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Attention modulates synchronized neuronal firing in primate somatosensory cortex

Steinmetz, Peter N. and Roy, A. and Fitzgerald, P. J. and Hsiao, S. S. and Johnson, K. O. and Niebur, Ernst (2000) Attention modulates synchronized neuronal firing in primate somatosensory cortex. Nature, 404 (6774). p. 187. ISSN 0028-0836. doi:10.1038/35004588.

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A potentially powerful information processing strategy in the brain is to take advantage of the temporal structure of neuronal spike trains. An increase in synchrony within the neural representation of an object or location increases the efficacy of that neural representation at the next synaptic stage in the brain; thus, increasing synchrony is a candidate for the neural correlate of attentional selection. We investigated the synchronous firing of pairs of neurons in the secondary somatosensory cortex (SII) of three monkeys trained to switch attention between a visual task and a tactile discrimination task. We found that most neuron pairs in SII cortex fired synchronously and, furthermore, that the degree of synchrony was affected by the monkey's attentional state. In the monkey performing the most difficult task, 35% of neuron pairs that fired synchronously changed their degree of synchrony when the monkey switched attention between the tactile and visual tasks. Synchrony increased in 80% and decreased in 20% of neuron pairs affected by attention.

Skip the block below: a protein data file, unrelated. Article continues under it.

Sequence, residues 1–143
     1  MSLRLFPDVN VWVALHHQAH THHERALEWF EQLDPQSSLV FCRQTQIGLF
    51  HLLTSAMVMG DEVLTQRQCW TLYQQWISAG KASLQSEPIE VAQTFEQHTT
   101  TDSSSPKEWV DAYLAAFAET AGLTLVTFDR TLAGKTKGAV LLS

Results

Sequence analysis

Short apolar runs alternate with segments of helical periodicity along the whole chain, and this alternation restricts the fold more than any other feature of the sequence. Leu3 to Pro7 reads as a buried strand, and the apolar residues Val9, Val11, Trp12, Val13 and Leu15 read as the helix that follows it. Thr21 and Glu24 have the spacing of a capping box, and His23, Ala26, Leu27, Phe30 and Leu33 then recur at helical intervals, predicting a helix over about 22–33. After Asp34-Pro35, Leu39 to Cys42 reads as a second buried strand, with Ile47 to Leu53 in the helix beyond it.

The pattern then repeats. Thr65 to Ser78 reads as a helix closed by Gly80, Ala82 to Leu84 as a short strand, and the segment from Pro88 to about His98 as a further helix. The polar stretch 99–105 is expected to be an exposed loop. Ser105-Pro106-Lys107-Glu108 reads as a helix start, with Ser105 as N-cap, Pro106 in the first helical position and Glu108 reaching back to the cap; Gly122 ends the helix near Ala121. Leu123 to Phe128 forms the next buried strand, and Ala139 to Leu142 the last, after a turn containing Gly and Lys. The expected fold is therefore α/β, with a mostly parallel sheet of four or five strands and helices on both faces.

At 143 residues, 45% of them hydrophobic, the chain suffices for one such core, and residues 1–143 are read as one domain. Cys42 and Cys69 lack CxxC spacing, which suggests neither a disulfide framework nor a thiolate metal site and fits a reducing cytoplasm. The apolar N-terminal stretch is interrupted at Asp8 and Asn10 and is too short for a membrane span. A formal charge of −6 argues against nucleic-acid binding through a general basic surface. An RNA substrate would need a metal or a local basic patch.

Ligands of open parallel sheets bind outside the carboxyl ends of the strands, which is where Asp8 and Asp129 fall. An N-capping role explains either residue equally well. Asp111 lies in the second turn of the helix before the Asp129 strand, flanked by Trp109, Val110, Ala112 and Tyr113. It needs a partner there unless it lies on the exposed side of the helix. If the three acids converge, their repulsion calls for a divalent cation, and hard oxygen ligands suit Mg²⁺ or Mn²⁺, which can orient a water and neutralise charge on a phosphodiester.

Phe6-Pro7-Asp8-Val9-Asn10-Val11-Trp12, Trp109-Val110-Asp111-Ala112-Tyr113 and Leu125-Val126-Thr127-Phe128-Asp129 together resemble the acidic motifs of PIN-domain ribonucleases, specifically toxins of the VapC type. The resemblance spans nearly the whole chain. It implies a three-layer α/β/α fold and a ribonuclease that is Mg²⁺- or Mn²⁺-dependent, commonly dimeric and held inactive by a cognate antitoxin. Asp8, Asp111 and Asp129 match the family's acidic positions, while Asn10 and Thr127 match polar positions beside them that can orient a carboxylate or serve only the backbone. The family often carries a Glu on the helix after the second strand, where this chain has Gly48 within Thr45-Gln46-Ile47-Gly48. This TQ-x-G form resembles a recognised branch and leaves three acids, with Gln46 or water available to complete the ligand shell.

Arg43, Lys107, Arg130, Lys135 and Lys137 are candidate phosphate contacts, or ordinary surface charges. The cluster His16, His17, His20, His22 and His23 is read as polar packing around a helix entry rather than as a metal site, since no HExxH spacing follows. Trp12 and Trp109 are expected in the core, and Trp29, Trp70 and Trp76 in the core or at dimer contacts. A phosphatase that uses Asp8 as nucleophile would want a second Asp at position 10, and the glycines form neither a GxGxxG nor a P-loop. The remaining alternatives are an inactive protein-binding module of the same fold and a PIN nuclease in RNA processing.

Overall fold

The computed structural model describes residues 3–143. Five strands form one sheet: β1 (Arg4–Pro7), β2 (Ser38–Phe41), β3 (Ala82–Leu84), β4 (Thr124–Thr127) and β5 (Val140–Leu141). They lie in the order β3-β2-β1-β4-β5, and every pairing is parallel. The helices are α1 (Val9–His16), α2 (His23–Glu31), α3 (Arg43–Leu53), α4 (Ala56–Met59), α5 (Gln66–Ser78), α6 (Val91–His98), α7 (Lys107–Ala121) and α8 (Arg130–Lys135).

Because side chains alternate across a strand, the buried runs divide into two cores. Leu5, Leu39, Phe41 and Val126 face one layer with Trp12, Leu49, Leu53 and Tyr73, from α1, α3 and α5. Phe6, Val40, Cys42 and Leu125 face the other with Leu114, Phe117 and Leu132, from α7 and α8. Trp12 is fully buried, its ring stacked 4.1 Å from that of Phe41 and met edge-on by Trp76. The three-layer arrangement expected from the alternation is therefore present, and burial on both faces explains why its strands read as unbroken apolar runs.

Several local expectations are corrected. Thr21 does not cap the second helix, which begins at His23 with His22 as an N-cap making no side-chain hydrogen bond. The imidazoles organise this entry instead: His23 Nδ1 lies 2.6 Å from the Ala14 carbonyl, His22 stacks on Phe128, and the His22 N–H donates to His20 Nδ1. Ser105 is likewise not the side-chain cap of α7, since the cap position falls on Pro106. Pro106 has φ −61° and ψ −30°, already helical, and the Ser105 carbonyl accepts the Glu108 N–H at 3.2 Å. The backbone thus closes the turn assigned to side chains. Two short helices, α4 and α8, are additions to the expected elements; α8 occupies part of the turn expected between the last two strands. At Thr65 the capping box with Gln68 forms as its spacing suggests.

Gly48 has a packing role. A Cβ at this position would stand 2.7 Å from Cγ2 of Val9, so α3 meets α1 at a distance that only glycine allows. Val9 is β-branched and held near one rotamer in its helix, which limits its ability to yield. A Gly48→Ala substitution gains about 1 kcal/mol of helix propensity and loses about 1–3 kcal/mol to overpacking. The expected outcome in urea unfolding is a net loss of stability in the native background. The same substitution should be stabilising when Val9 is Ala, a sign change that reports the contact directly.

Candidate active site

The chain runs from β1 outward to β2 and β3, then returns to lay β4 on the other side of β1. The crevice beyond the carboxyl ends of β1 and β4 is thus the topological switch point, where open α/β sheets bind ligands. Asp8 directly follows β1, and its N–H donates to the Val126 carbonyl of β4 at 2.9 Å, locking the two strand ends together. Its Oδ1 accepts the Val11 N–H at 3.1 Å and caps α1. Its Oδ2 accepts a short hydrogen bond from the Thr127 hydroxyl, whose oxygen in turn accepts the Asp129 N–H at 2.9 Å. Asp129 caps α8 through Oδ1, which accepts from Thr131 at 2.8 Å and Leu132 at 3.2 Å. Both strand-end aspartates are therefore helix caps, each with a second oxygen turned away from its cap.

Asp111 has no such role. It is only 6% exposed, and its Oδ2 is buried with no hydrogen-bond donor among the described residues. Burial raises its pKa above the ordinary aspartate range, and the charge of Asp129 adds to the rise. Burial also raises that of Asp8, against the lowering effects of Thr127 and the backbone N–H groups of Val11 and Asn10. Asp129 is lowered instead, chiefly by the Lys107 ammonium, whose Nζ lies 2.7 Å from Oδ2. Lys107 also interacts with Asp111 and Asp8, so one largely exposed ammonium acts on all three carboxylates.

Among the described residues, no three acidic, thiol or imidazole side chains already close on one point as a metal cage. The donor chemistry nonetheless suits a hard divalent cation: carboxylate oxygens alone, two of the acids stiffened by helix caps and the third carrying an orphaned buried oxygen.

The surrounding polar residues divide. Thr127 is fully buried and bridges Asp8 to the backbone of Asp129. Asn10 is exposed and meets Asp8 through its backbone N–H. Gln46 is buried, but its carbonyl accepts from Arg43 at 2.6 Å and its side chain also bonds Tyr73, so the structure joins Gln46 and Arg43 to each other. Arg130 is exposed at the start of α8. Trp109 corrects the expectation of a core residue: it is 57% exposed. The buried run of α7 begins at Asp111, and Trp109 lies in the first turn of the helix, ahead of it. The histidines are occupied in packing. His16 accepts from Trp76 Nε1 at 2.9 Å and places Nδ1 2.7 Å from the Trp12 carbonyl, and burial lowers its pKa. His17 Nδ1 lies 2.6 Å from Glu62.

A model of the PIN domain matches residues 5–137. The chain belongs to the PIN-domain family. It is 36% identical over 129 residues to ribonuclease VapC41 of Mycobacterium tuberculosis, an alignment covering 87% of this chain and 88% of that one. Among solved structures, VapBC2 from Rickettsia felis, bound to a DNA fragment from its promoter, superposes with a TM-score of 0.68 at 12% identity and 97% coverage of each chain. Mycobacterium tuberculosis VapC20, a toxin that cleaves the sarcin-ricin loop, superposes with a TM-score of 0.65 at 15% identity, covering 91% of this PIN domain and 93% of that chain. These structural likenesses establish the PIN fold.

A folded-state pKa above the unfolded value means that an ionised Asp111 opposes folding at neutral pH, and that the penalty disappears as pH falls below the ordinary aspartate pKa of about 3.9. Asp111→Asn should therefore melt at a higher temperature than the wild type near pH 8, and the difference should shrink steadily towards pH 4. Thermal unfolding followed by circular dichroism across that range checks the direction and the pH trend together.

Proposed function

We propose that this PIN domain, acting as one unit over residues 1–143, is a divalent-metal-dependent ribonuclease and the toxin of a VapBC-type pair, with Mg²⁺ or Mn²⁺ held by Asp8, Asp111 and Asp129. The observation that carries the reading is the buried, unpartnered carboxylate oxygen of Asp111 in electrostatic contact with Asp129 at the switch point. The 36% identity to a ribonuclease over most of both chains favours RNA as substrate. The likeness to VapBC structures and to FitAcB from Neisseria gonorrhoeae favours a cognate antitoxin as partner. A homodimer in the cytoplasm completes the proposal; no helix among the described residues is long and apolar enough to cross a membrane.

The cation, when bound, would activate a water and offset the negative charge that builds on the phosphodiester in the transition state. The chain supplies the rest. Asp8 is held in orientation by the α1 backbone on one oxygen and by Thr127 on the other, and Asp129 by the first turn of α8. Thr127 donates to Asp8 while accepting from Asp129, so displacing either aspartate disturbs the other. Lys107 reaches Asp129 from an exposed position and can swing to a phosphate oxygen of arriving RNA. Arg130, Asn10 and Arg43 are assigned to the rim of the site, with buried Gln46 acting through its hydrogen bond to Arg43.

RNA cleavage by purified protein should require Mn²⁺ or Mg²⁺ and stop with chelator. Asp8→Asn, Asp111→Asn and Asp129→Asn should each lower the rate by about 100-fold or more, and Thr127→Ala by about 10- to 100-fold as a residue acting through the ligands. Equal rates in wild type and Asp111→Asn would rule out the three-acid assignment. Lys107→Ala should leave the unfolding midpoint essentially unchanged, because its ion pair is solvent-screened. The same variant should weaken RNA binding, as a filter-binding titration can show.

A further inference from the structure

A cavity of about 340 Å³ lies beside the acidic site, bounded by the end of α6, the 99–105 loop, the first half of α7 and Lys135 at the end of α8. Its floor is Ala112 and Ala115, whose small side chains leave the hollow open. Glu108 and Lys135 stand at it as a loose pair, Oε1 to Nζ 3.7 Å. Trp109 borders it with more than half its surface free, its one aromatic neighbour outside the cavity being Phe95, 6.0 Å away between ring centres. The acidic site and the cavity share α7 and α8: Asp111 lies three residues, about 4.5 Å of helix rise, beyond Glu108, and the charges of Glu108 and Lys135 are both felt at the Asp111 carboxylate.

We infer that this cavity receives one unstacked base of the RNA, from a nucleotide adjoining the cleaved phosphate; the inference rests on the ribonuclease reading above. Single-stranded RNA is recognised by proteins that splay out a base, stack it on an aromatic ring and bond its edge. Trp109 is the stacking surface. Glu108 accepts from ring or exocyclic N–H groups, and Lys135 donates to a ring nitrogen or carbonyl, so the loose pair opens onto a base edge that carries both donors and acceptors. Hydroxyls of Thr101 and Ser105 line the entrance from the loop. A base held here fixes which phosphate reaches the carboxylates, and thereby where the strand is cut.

Item Type:Article
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Roy, A.0000-0001-8127-5775
Additional Information:© 2000 Macmillan Magazines Ltd. Received 8 November; accepted 27 December 1999. This work was supported by the NIH, the NSF and the Alfred P. Sloan Foundation. We thank J. DiCarlo, M. Usher and S. Yantis for discussions and J. Lane for technical support.
Group:Koch Laboratory (KLAB)
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Alfred P. Sloan FoundationUNSPECIFIED
Issue or Number:6774
Record Number:CaltechAUTHORS:20130816-103229336
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Usage Policy:No commercial reproduction, distribution, display or performance rights in this work are provided.
ID Code:40519
Deposited By: KLAB Import
Deposited On:11 Jan 2008 22:41
Last Modified:09 Nov 2021 23:49

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